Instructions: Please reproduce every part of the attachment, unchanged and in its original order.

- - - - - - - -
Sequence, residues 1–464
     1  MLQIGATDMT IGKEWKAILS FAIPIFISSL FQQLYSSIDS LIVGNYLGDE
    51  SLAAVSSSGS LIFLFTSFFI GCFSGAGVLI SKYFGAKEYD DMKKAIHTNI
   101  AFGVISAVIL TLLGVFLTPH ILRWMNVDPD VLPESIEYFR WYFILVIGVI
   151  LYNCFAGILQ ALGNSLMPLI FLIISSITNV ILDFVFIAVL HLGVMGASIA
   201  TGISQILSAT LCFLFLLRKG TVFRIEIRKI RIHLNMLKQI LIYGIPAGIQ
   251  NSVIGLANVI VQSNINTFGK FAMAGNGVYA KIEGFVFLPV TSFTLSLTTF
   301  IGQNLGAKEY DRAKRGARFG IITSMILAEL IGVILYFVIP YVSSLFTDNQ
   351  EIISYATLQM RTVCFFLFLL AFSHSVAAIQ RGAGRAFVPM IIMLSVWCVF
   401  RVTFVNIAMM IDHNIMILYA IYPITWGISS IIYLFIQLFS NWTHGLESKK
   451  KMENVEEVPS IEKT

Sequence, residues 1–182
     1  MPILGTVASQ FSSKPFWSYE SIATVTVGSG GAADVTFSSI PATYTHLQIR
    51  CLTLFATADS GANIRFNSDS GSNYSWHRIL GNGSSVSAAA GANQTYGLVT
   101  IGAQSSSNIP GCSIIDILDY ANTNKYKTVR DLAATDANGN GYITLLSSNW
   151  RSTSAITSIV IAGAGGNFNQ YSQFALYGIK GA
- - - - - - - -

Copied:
Sequence, residues 1–464
     1  MLQIGATDMT IGKEWKAILS FAIPIFISSL FQQLYSSIDS LIVGNYLGDE
    51  SLAAVSSSGS LIFLFTSFFI GCFSGAGVLI SKYFGAKEYD DMKKAIHTNI
   101  AFGVISAVIL TLLGVFLTPH ILRWMNVDPD VLPESIEYFR WYFILVIGVI
   151  LYNCFAGILQ ALGNSLMPLI FLIISSITNV ILDFVFIAVL HLGVMGASIA
   201  TGISQILSAT LCFLFLLRKG TVFRIEIRKI RIHLNMLKQI LIYGIPAGIQ
   251  NSVIGLANVI VQSNINTFGK FAMAGNGVYA KIEGFVFLPV TSFTLSLTTF
   301  IGQNLGAKEY DRAKRGARFG IITSMILAEL IGVILYFVIP YVSSLFTDNQ
   351  EIISYATLQM RTVCFFLFLL AFSHSVAAIQ RGAGRAFVPM IIMLSVWCVF
   401  RVTFVNIAMM IDHNIMILYA IYPITWGISS IIYLFIQLFS NWTHGLESKK
   451  KMENVEEVPS IEKT

Sequence, residues 1–182
     1  MPILGTVASQ FSSKPFWSYE SIATVTVGSG GAADVTFSSI PATYTHLQIR
    51  CLTLFATADS GANIRFNSDS GSNYSWHRIL GNGSSVSAAA GANQTYGLVT
   101  IGAQSSSNIP GCSIIDILDY ANTNKYKTVR DLAATDANGN GYITLLSSNW
   151  RSTSAITSIV IAGAGGNFNQ YSQFALYGIK GA